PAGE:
This agreement helped ease tensions on issues such as the Mitrovica Bridge, which both sides previously disagreed regarding its use. Furthermore, Kosovo would be given its own calling code, another important development for a country. However, some of the Kosovo protests, upset at the level of connection that the Serbian minorities have with Serbia, were upset with aspects of the agreement that maintained that connection. For example, “Serbian-majority areas in the north will still be able to use Serbian calling codes” (BBC, 2015).

However, some, such as the Kosovo government wrote on what they believe is Serbia’s lack of full commitment to all of the points of the Brussels Agreement.


Along with citizen protests during the year in Kosovo, there have also been challenges to running a functioning government in Kosovo. The reason for this is because of opposition parties to Thaci who have “…have paralysed the functioning of parliament in Pristina since mid-September, disrupting sessions by releasing tear gas, in a bid to get the agreements with Serbia overturned” (Yahoo, 2016). There are divisions in Kosovo about how how what level of autonomy (if any) Kosovar Albanians believe that ethnic Serbian minorities should be given by the government in Pristina.

In November 2015, Pristina police attempted to arrest Kosovar opposition leader Alban Kurti. The reason for their attempt to arrest him was due to Kurti holding protests inside parliament against the government because of their political deals with Serbia. Along with going after Kurti, the government also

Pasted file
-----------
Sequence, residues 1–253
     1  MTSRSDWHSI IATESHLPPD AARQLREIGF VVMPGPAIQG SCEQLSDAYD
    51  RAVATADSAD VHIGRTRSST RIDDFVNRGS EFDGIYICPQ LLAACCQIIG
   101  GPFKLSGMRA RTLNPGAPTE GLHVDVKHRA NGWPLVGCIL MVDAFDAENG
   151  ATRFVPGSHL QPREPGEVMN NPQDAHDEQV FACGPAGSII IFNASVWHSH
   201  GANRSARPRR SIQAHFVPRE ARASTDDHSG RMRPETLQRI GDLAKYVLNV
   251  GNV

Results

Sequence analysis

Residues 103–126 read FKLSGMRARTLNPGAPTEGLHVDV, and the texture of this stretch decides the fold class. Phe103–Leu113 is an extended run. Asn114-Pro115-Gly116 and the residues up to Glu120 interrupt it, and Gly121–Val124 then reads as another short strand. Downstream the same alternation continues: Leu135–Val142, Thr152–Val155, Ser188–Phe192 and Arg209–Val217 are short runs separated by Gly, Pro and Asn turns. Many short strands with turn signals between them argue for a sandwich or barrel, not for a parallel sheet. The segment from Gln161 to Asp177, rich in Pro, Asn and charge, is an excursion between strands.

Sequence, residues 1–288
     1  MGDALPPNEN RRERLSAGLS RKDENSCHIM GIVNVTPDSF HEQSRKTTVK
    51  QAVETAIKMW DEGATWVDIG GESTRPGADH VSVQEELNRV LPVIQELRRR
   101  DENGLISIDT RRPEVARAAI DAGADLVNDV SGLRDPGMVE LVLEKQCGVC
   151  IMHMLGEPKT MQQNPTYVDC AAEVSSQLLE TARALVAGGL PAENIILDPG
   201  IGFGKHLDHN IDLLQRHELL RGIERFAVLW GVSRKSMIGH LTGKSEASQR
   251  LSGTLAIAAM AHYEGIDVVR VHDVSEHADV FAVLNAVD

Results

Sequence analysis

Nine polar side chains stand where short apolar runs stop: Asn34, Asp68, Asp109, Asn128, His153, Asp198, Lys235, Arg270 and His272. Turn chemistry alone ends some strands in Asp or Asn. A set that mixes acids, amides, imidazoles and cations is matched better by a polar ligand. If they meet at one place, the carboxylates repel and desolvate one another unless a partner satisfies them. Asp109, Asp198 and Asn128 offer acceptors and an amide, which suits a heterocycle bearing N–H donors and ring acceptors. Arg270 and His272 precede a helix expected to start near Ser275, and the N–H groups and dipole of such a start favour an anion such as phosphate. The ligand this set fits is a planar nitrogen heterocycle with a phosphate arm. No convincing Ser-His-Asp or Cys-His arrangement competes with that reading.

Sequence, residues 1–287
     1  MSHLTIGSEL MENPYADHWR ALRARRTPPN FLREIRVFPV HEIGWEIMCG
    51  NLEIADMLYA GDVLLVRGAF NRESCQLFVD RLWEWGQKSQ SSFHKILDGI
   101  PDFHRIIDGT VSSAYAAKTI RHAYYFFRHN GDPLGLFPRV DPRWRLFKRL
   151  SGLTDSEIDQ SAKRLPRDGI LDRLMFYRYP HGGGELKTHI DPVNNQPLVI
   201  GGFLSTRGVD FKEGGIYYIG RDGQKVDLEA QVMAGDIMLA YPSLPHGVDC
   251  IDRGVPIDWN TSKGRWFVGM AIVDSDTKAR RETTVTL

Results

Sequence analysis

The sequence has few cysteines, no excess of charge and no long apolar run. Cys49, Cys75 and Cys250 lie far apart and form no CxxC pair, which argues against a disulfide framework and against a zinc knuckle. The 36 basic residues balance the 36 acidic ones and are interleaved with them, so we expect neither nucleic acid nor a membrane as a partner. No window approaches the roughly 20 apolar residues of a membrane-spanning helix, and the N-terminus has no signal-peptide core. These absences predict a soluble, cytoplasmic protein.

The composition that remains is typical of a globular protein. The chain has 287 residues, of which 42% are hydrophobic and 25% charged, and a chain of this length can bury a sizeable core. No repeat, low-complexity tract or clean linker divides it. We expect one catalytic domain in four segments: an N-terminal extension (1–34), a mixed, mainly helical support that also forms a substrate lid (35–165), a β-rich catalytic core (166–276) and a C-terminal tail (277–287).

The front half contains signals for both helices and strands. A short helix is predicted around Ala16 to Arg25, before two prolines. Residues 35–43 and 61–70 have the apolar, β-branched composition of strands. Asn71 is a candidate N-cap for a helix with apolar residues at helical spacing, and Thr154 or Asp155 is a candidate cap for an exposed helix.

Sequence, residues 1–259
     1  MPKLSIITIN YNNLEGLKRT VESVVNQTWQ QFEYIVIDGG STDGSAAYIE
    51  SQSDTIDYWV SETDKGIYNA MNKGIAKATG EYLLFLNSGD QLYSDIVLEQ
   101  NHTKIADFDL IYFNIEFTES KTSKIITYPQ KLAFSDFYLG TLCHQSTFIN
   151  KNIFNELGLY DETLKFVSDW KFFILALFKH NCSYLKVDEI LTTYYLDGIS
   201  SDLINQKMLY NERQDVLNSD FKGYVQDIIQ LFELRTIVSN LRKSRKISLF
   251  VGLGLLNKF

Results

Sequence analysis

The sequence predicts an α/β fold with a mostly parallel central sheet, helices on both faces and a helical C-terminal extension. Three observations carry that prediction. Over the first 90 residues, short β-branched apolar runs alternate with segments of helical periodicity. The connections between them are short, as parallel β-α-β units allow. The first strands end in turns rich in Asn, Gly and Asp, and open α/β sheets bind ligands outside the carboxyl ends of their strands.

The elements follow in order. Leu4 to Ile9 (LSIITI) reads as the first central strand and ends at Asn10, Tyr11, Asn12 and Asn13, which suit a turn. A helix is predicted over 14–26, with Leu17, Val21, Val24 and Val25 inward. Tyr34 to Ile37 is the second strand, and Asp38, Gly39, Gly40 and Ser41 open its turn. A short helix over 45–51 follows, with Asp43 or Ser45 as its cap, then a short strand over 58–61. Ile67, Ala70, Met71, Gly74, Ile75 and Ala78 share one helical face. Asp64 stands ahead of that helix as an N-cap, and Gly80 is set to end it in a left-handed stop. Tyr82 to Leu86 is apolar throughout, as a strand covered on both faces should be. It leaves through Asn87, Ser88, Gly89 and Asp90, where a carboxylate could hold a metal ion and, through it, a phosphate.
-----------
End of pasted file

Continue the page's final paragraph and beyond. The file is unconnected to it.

2016 Kosovo Protests

On January 9th, 2016, protesters in Kosovo took to the streets in the capital of Pristina to speak out against what they feel are problematic international relations agreements that the Kosovar government has made with regards to areas in northern parts of the country.

Those protesting were mad because of what they viewed as bad concessions that the government in Pristina gave to the European Union and to Serbia as it pertains to the areas with high Serbian minorities in Mitrovica and other northern Kosovo areas. Among those active in the protests was Fatmir Limaj, who is the head of the Initiative for Kosovo party. Limaj was quoted as saying: “”We will not be governed by those who trade our sovereignty. We are seeking free elections to be organised immediately, because they no longer have the right to govern Kosovo” (Yahoo, 2016).

While many of the protesters were not violent, violence did break out during these protests. It was reported that windows were smashed, molotov cocktails were thrown, and part of government building was also set on fire (Yahoo, 2016) (the video above shows this).



BBC (2015). Kosovo and Serbia Sign ‘Landmark’ Agreements. BBC, 26 August 2015. Available Online: http://www.bbc.com/news/world-europe-34059497

Radio Free Europe/Radio Liberty (2013). Text of Leaked Copy of Serbia-Kosovo Recognition Deal. April 20th, 2013. Radio Free Europe/Radio Liberty. Available Online: http://www.rferl.org/content/text-leaked-copy-serbia-kosovo-agreement-brussels/24963542.html 

Yahoo (2016). Large anti-government protest in Kosovo turns violent. January 9th, 2016. Available Online: https://www.yahoo.com/news/large-anti-government-protest-kosovo-turns-violent-165254810.html